To tough to Mole 5 yr dd field

Will7

Member
BASE UK Member
Well its just that over in the land of "we can't grow spring crops" its always been the argument that you need to get crops in early on heavy land because of a potential dry summer, that is admittedly in a tillage situation. But what i'm wondering is how far down the calendar year you think you can push it on heavy land for spring cereals. In the west you can still plant decent crops in May but there seems little appetite to do that over your way - I also wonder how that would help against blackgrass and against the cover crops spoiling the establishment, and the negative roundup allelopathy.
I will be able to answer some of your questions in 3 weeks time! I have late March drilled propino with a robust bg pre-em and late April drilled propino with no pre-em all on bg land.

I normally drill late March, whilst a local friend is normally late April. The extra yield I get more than covers the extra herbicide spend I have to apply. I don't think that will be the case this year.

We get 600mm/yr and we are finding the spring/early summer is either a drought or a wash out with not much between.

All my covers are killed pre xmas as the idea of covers drying the soil in time for Spring drilling is a seed salesman wet dream, but unfortunately not reality.
 

D14

Member
You need one of these, Joe!

Even though in humour this could be right. Certainly we have found it pays to hire in short term or a contractor with proper hp if you want I to work soil deep 'properly'. Our 9t 240hp tractor is not the right machine for this kind of work in situations as described by the op.
 

Joe Boy

Member
Location
Essex
Even though in humour this could be right. Certainly we have found it pays to hire in short term or a contractor with proper hp if you want I to work soil deep 'properly'. Our 9t 240hp tractor is not the right machine for this kind of work in situations as described by the op.

I guess you are both right. I did have a contractor do some one once but £30/acre!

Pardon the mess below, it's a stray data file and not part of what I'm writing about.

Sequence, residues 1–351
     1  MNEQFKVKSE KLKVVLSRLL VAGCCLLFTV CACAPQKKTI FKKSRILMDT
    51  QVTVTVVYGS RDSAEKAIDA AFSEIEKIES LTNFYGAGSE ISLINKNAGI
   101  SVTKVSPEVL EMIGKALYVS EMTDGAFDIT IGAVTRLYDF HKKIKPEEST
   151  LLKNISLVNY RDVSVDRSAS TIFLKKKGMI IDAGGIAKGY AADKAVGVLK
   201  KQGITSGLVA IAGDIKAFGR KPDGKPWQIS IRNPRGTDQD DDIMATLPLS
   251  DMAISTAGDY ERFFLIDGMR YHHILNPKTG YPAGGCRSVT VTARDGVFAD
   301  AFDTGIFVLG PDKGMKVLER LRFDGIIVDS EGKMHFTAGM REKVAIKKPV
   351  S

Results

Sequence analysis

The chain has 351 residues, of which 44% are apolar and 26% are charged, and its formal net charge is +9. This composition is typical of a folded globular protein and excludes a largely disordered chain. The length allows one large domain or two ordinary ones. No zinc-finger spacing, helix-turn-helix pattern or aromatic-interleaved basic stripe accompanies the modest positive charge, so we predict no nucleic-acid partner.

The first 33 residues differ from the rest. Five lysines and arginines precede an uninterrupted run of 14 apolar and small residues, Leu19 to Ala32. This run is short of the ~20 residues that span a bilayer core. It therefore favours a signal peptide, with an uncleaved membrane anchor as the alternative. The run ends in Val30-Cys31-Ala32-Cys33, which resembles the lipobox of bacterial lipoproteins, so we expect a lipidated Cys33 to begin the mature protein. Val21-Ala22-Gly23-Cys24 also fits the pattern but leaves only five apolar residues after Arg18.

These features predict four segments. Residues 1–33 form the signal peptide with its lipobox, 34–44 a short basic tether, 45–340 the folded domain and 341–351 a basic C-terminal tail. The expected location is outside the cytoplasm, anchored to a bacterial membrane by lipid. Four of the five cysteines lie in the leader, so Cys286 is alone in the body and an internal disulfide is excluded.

I since brought my mole plough and weight block for £2.5k for both and have done about 400 acres like this. Tractor on tic over, it costs me very little, I have saved thousands.

I really wanted to do another 200 acres or more this summer and I'm pee'd off I can't get on with it.

I really find drainage and compost spreading to be the two things that make the most difference to my crops. Good and hard for spreading at least I suppose. May be I'll be able to do some in sept.

Has anyone done mole draining in the spring in a wheat crop.

If so does it recover ok?
 

Godber

Member
Location
NW Essex
Keen to do some mole draining here but found the subsoil surprisingly dry at 26" and very tough to pull so given up.
Would also be interested if anyone moles through winter wheat in a dryish early spring ?
I would guess moleing would be 30% easier after xmas with soils near capacity. Would tracks or tyres make less mess?
 

David_A

Member
BASE UK Member
Location
Fife
Keen to do some mole draining here but found the subsoil surprisingly dry at 26" and very tough to pull so given up.
Would also be interested if anyone moles through winter wheat in a dryish early spring ?
I would guess moleing would be 30% easier after xmas with soils near capacity. Would tracks or tyres make less mess?
Did Jeff Claydon not try it. Don't think it was a disaster. Makes sense if you think about it.
 
should moling not be done when the subsoil is more of a plastercine consistency ie late autumn so that the moles hold their shape and not shatter although your photo of mole looks good
 

Matt L

Member
Trade
Location
Suffolk
Do not go for a 3 point linkage mounted mole. The tractor should only be pulling the mole, no lifting or any other action from the tractor to be transfered to the mole.

We contract mole using g D8s and we will spring mole if the customer wants it.